Four times a year, the CHRISTIANITY TODAY senior editors gather at Chicago’s O’Hare Hilton. The agenda is fairly consistent: we discuss theological trends, news from the Christian world, and article ideas. We evaluate the past three months’ issues of CT and preview the major articles scheduled for the coming quarter. We pray and enjoy one another’s company.

The meetings have all the good features of a family reunion. Our patriarch, Ken Kantzer, drives 20 miles from Trinity Evangelical Divinity School with a carload of wisdom born of years of service to both Trinity and CT (which he served as editor from 1978–82).

“Favorite Uncles” Jim Packer and Dennis Kinlaw come from opposite ends of the continent—Vancouver, British Columbia, and Wilmore, Kentucky—to act as good-natured advocates for their theological passions: Calvinism (“The purest form of theology,” purrs Jim) and Arminianism (“A too-often neglected perspective,” smiles Dennis).

Co-executive editor George Brushaber breaks away from his duties as president of Bethel College and Seminary to offer his extensive network of Christian contacts. And former CT editor Gil Beers (1982–85) brings meticulous lists of article ideas as fodder for the vigorous give-and-take of the day-long discussions to follow.

Ah yes, the discussions. Like all good family gatherings, we have “discussions.” Consensus on the fundamentals of the faith is the glue that holds us together; different opinions on the implementation of those fundamentals are the inlays that make this richly decorated design so fascinating.

Predictably, each of our senior editors brings a slightly different view. When the topic was the American Catholic Church, for example, systematic theologian Packer insisted on drawing the theological distinctives as clearly as possible, while philosopher Brushaber encouraged us to recognize the diversity of thought within the Catholic church itself. Homiletician Beers acted as advocate for an accurate portrayal of the “Catholic in the pew.” The result was a series of articles that won an Evangelical Press Association award for best single-theme issue.

Occasionally, however, the different perspectives do not mesh so well. One family member thinks a topic like women in the church should be approached one way, while another disagrees—with vigor. And periodic discussions over the place of investigative journalism in the news department reveal still other strong differences. Yet the good spirit of these family discussions invariably yields fruit as compromises and hard-won plans of attack are worked out.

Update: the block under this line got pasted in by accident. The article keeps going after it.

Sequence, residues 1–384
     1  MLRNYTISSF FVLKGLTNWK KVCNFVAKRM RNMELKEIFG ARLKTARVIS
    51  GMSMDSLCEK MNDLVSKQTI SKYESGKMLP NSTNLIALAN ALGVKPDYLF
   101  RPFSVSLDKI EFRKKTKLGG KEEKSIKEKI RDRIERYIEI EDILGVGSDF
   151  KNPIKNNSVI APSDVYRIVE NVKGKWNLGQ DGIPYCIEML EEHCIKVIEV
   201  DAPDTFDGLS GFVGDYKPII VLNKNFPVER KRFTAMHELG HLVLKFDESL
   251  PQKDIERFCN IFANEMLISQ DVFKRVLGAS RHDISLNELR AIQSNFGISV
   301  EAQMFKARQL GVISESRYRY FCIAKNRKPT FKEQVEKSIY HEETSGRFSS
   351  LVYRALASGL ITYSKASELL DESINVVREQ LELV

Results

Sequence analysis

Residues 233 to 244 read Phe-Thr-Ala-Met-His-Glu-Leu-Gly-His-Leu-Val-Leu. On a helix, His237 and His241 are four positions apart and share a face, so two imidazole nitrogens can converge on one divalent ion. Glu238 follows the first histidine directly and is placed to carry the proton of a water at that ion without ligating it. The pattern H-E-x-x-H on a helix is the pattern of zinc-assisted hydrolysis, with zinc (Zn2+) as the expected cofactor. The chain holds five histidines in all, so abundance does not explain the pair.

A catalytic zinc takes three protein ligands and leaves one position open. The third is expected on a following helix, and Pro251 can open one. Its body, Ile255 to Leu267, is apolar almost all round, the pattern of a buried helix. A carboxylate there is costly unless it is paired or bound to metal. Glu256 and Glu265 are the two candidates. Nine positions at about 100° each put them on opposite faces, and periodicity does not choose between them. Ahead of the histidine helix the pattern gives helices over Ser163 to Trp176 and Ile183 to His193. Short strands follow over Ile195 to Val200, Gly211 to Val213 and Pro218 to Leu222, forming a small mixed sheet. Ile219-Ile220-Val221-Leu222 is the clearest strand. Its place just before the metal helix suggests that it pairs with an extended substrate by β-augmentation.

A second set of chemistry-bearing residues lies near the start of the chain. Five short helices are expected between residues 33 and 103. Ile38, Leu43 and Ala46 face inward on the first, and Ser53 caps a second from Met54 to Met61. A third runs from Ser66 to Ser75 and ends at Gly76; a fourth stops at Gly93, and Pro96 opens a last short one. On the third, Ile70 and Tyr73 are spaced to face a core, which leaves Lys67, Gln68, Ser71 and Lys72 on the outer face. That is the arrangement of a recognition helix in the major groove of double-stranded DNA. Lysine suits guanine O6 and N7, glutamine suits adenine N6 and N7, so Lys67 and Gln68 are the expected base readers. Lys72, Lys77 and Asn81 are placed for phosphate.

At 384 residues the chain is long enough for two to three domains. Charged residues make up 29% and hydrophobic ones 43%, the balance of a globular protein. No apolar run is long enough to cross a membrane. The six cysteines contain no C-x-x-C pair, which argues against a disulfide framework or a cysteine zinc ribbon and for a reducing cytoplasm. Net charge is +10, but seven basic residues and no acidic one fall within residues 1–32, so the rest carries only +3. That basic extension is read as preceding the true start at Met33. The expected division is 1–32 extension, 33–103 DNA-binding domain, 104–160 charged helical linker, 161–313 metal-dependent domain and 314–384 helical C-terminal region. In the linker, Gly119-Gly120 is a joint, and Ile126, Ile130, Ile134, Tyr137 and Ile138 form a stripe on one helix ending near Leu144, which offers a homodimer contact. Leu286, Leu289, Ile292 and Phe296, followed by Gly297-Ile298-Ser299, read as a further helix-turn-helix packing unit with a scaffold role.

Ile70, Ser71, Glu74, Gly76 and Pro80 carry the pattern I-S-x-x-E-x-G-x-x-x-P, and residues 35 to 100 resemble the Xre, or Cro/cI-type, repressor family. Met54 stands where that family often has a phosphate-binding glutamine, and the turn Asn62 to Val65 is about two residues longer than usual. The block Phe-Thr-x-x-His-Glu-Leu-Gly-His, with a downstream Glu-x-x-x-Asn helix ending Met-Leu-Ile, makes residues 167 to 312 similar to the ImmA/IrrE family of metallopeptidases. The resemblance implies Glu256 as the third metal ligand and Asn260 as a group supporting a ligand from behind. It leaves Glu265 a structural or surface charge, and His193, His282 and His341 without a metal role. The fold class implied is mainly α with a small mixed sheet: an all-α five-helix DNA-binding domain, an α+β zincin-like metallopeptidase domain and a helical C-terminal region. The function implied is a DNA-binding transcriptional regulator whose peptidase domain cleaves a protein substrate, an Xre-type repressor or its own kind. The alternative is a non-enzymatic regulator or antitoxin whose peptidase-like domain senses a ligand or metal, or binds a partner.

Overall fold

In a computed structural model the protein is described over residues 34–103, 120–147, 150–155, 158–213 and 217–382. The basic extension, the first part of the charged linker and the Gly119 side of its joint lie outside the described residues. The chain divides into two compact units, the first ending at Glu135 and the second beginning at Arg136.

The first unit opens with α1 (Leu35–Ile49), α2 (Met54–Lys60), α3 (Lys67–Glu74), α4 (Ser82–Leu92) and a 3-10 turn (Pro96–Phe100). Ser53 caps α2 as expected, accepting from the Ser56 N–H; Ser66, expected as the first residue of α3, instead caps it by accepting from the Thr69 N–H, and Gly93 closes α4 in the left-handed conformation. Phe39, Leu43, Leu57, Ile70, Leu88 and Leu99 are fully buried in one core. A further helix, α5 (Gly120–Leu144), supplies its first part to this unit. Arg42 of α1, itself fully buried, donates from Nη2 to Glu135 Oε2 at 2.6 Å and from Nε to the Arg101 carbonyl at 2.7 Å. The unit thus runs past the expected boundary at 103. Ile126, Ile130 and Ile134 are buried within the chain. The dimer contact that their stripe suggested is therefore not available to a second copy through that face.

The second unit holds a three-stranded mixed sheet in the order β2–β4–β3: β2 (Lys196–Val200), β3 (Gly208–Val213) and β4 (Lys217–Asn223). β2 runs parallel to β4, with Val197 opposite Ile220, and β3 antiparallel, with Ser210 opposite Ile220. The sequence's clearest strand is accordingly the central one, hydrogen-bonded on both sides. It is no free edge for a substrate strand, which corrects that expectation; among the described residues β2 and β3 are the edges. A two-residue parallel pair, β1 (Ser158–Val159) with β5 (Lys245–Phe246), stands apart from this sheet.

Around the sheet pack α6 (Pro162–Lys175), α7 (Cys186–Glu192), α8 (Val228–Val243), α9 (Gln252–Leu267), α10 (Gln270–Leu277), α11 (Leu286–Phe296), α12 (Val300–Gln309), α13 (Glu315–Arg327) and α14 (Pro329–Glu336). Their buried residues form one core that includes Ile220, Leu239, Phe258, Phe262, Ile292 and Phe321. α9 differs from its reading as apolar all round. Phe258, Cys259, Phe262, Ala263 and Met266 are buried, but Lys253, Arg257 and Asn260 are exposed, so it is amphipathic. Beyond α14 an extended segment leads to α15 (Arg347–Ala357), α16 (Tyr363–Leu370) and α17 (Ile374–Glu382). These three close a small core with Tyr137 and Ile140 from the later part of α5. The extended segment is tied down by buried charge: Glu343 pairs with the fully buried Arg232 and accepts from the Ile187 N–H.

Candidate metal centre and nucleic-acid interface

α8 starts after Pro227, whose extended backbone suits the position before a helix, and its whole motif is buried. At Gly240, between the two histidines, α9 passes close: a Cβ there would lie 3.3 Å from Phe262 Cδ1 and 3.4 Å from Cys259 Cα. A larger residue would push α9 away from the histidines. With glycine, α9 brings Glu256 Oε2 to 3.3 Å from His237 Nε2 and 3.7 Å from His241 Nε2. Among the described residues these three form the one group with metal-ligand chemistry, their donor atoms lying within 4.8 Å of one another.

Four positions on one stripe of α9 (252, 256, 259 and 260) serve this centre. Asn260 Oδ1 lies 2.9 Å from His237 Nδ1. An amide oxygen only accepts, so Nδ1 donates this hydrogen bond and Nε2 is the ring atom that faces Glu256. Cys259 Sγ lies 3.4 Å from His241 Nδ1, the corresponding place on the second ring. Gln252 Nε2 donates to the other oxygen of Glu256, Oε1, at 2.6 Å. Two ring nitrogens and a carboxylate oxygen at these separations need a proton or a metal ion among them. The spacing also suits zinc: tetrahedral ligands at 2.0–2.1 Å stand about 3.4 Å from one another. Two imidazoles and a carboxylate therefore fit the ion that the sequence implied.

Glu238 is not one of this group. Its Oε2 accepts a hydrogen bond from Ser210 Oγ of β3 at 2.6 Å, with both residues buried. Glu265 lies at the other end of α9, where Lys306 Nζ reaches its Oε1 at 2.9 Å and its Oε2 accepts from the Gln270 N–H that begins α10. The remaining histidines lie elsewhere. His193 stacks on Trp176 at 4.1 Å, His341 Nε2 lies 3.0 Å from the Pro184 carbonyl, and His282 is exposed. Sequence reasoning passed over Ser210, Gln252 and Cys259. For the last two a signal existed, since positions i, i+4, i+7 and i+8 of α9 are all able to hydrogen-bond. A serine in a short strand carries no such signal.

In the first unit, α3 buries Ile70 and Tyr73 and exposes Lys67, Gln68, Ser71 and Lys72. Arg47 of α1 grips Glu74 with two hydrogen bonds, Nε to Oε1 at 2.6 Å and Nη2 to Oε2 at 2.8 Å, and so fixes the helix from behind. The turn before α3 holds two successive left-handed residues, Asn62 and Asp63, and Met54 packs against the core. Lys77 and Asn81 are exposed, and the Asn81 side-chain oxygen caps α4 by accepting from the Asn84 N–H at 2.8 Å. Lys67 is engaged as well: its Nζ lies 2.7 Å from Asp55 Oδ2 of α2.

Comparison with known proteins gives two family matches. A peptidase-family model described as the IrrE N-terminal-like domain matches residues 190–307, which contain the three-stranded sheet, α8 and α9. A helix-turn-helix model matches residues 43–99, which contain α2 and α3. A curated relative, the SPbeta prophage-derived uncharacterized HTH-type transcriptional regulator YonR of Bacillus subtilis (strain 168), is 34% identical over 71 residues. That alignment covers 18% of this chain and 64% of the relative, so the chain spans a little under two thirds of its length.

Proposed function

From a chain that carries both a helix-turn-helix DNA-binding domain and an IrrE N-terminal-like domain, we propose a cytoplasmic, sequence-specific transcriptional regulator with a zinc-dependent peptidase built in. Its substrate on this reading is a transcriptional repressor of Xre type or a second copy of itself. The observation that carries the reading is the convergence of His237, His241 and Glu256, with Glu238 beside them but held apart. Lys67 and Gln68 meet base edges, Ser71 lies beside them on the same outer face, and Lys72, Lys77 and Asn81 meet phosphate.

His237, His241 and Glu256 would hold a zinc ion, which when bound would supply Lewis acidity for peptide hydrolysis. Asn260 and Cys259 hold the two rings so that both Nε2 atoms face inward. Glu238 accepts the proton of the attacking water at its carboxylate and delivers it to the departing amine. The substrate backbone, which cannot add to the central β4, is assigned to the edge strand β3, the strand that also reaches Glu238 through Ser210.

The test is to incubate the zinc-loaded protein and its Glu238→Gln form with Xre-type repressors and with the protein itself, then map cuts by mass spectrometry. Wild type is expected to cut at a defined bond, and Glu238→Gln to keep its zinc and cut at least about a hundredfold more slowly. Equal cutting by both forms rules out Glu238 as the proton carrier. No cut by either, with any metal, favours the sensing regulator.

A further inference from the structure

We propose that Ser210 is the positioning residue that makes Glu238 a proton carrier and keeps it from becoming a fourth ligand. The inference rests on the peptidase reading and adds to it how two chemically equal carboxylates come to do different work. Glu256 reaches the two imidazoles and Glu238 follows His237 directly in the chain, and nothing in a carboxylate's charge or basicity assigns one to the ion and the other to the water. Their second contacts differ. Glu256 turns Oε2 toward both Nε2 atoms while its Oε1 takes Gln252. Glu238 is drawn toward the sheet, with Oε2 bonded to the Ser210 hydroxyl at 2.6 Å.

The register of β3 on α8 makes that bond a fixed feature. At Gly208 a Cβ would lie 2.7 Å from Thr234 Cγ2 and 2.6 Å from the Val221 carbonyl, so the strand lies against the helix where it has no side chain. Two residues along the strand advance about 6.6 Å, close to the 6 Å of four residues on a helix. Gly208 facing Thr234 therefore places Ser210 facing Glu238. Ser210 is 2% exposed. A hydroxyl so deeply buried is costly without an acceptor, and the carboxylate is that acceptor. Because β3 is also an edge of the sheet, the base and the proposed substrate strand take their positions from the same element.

It is that unity of purpose and diversity of attack we hope CT reflects. In order to achieve the diversity, our senior editors are arranged in rotating classes. With our summer meeting, Dennis Kinlaw and Gil Beers completed their terms. Both have served with distinction and have our loving thanks.

With our fall meeting, we welcome two new senior editors, Mary Stewart Van Leeuwen and John Akers. Mary is currently on leave from her post as professor of interdisciplinary studies at Calvin College in Grand Rapids, Michigan. Her Ph.D. is in social and cross-cultural psychology from Northwestern University, and she is author of numerous books, including The Sorcerer’s Apprentice: A Christian Looks at the Changing Face of Psychology and The Person in Psychology: A Contemporary Christian Appraisal.

John is special assistant to Billy Graham, working out of Montreat, North Carolina. A church historian by training, John did his Ph.D. at the University of Edinburgh in Scotland and taught and served as dean of Montreat-Anderson College before joining the Billy Graham Evangelistic Association in 1977. He has served on Christianity Today, Inc.’s board of directors since 1978.

We welcome both Mary and John to our senior editor family. 1 Timothy 5:4 tells us to practice taking care of the larger family of Christ by taking care of our smaller families. We have discovered it is a God-given joy to take care of the larger CT readership by interacting together with love in this smaller group.

TERRY C. MUCK

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